Process Improvement

Ongoing Process Improvement is the second critical aspect of process implementation. Last week we identified the components of a process. Once they are identified and it has been determined if they are applicable then the next step is Process Improvement.

Many organizations identify the need for Process Improvement but they seem to say it as statement sliding the two words together as if it is something that will occur without effort and frequently without results. Philip Crosby’s book “Quality is Free” talks about this and in our last post we mentioned getting the process just right. Getting it just right is not a one step process. At a minimum it is a 4 step process and those steps contain a lot of subsidiary detail.

Initially, as mentioned last week, we have to identify the processes that are in existence. Part of NVP’s Assessment process is to identify the existing processes. This can be done internally although that can be more difficult since people tend to live through the process and cannot see it ‘from the outside’.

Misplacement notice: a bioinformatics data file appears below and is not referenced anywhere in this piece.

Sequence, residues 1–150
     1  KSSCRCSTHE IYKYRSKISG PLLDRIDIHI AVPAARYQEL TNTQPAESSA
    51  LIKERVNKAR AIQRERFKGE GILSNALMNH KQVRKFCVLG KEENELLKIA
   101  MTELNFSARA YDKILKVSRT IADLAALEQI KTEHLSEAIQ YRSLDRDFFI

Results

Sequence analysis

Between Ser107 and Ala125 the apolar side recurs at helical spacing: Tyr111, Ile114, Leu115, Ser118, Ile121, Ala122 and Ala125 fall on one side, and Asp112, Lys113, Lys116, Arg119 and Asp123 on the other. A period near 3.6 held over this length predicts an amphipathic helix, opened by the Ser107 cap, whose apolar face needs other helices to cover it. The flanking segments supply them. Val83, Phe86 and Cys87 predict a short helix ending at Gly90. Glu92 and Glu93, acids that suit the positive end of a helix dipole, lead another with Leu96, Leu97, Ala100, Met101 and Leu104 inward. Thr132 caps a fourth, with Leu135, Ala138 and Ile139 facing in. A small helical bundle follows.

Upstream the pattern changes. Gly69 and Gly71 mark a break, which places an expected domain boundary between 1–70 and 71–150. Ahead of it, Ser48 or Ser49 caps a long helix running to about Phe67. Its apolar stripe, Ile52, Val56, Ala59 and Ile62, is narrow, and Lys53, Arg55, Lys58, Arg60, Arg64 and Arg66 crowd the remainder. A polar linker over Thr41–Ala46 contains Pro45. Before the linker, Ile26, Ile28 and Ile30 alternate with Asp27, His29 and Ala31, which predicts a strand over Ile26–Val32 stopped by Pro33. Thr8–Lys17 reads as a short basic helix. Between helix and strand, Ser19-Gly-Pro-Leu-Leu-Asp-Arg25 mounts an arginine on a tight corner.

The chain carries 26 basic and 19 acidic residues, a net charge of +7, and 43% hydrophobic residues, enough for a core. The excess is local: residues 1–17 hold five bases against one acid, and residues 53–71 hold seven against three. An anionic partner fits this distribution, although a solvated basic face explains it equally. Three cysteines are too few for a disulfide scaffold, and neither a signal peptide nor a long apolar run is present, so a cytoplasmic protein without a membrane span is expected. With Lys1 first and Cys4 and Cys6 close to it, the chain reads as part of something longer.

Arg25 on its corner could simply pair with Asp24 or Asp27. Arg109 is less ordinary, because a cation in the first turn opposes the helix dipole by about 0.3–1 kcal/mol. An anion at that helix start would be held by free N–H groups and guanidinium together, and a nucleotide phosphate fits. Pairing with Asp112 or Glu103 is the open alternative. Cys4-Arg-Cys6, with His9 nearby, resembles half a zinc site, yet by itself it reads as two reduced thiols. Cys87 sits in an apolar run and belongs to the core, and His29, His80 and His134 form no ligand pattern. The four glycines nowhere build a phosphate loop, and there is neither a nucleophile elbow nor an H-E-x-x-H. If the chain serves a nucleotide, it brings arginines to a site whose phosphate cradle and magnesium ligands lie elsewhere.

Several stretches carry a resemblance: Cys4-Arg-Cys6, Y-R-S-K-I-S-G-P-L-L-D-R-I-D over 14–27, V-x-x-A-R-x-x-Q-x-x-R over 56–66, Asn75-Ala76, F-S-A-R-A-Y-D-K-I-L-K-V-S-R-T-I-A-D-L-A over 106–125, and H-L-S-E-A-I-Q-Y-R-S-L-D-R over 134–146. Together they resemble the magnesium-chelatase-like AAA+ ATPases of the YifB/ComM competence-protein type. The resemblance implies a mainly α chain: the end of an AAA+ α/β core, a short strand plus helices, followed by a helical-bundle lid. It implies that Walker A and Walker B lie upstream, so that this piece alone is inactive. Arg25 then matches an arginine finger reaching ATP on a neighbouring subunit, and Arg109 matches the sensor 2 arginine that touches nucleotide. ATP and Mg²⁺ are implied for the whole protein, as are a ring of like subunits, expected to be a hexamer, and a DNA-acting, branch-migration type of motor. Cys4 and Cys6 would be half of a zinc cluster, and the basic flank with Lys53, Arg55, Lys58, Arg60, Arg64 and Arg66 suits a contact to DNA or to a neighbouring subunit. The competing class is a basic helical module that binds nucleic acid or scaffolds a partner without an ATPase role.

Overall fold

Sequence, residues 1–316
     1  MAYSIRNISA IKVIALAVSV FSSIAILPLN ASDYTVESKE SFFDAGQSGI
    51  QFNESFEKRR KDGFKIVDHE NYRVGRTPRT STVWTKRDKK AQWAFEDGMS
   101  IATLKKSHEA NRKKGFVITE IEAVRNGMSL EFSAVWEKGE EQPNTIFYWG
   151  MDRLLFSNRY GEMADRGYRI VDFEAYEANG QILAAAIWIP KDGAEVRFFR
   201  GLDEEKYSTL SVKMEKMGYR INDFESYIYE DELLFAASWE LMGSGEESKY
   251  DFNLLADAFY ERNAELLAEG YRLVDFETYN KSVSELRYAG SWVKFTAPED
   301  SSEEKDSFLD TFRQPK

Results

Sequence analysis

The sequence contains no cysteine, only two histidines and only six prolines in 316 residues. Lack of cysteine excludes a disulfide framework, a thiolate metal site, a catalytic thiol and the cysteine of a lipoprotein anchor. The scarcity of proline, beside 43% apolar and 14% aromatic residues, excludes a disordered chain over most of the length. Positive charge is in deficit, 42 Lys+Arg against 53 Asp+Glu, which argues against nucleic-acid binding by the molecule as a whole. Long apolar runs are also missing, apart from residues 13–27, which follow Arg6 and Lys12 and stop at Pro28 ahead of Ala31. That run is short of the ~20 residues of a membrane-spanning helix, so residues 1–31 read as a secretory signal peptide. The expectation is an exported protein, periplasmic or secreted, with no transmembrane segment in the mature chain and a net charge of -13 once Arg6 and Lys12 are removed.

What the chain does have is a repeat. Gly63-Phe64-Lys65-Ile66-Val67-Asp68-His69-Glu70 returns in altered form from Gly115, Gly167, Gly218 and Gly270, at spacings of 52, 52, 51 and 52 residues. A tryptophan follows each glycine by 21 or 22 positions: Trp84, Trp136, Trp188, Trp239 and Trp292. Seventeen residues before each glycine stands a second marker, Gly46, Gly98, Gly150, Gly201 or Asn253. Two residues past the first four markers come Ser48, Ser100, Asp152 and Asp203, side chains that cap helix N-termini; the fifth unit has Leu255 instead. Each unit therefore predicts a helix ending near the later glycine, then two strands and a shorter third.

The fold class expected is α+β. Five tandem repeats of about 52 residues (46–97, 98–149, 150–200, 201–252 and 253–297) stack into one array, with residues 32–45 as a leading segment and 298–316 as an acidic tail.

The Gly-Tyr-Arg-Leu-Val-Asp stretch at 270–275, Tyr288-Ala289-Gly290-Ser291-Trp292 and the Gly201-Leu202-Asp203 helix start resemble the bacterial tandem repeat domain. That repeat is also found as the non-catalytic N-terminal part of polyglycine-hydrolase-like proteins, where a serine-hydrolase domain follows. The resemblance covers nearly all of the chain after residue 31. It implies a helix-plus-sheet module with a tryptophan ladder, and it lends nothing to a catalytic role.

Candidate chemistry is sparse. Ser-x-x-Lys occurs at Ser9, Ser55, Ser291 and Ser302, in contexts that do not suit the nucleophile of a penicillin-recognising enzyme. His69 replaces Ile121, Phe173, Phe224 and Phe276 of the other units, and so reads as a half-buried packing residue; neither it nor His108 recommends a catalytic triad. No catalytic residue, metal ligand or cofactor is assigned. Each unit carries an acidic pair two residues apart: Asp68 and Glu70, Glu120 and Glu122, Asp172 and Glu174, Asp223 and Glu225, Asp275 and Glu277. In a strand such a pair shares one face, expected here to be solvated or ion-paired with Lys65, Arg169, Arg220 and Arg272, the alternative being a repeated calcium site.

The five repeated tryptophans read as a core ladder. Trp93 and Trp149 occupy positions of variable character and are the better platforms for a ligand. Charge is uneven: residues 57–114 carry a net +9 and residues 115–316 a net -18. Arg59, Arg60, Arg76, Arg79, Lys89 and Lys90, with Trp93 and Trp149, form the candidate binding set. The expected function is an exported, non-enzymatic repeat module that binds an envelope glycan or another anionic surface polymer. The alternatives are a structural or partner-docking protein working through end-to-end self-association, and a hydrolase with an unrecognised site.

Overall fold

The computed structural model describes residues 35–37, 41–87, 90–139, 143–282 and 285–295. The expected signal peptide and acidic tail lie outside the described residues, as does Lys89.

Once the processes are identified, then we need to see how they can be improved. This requires thinking ‘outside the box’ and coming with fresh insight to existing processes. A critical piece of this is to determine how the suggested processes can be measured. Without measurement it is impossible to know whether improvement has taken place. Peter Drucker – “you can’t manage what you can’t measure,” and extended to say “if you can’t measure it, you can’t improve it.”

The next step then falls into place. We take the recommended improved process and try it out while taking measurements. Once the process has had some time to be tested, the measurements are collated and it is determined if the process has improved.
There are two possible outcomes:

  • Process Improvement has occurred. In which case then we look for further process improvement.
  • Process Improvement has not occurred. In which case we discard the suggested process and look for some other way to obtain process improvement.

Next week we will provide some examples.

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